The one downside to the AK is its weight. With some variants tipping the scales at 8 lbs plus, this is not a rifle for someone who minds carrying around a rifle all day. The AR-15 has the advantage in weight, and depending on the variant of AK the AR also has the advantage in being able to shoot at a greater distance. However, this can be misleading, as this is true when comparing the AK-47 to the AR-15 because the AK-47 is chambered in 7.62x39mm vs 5.56x45mm NATO. These rounds were designed and wholly intended to be used for different battle situations. The 7.62x39 is an excellent choice for 300 meters and in. However, the 47’s little brother, the AK-74 which is chambered in 5.45x39mm has a much greater effective range, is a much flatter shooting cartridge, and is a much better direct comparison to the AR-15 than the AK-47. AK’s are all variants Awoo’s, if you get a Kalashnikov you’d better know em’. This is my rifle of choice, and always will be, I can’t recommend them highly enough. Mikhail Kalashnikov’s genius was in his simplistic design that is rugged, reliable, and as long as it’s fed it will get you home.

Full Size Battle Rifle

Having covered two intermediate caliber assault rifles, we will now talk about the full-size centerfire battle rifle in .308, 7.62x51MM, 7.62x54R, etc. There are several AK and AR variants available in these calibers, they are simply larger versions of the two rifles. So for the sake of time we will focus on two battle rifles: The FN FAL and HK G3/PTR91/CETME, both excellent choices for those of us who really want to reach out and touch something at a superior distance. With range capability of 600 meters plus, they are capable of laying down serious stopping power. The .308/7.62x51MM NATO is a full-sized centerfire rifle cartridge developed for use by NATO forces after WWII. It was developed by Winchester in the early 1950s and made its appearance in the late 50s in the M14 and FAL rifles, followed very closely by the G3.

The FAL was designed originally to be the main battle rifle for NATO forces. It was developed in the late 1940s by FN and was first adopted by NATO aligned countries in the mid-1950s. It fires the powerful 7.62x51MM NATO cartridge from a 20 round box magazine. Available in many configurations and barrel lengths ranging from 16 to 23 inches, both folding stock, and fixed stock variants. With a maximum effective range of 1000 yards, the 7.62x51MM cartridge in this platform performs extremely well at long distances. For those who want to slot hogs in the bush on a hog hunt, there are few better choices. FAL’s are rugged, reliable, ergonomic, and thanks to companies like DSA very customizable and readily available starting at about 1000 dollars and ranging up to 2000 dollars. The extra cost of an off the rack FAL can be offset, however, by building a rifle off a parts kit combined with a new US-made receiver. If assembled by a competent gunsmith these rifles can be just as reliable, rugged, and as easy to use as any off the rack FAL in production today. My first choice for a 7.62x51MM NATO rifle is the FAL. I will own one and have one in inventory one day. It’s not nicknamed the “Right Arm of the Free World” for nothing, remember that.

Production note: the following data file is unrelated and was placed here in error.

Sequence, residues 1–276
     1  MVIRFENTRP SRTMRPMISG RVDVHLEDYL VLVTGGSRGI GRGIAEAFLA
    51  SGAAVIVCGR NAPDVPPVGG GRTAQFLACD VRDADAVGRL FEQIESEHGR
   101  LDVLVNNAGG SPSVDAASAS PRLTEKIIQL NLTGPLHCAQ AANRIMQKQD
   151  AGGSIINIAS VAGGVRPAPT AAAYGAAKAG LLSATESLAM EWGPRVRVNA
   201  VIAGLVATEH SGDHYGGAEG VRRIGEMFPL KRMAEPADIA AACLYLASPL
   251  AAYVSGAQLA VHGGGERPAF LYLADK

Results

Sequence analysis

Full Size Battle Rifle - Continued...

The G3/CETME/PTR-91 roller delayed blowback rifle was developed initially at the end of World War II in the late 1940s by German engineers who started out working in France and ended up working in Spain, where they further developed the design into the CETME. The design attracted the attention of the West German Army after the failed adoption of the FAL as the STG 58 due to a contract and production dispute with FN in Belgium. The German Army (Bundeswehr) adopted the rifle in 1959 and was able to purchase the production rights from Spain through a Dutch munitions company. This rifle is very reliable, rugged, customizable (for some serious shekels, H&K/CETME aftermarket parts are expensive), with magazines that are readily available and cheap. This would be an excellent choice for someone who wants to get into a true, built from the ground up .308/7.62×51 NATO platform.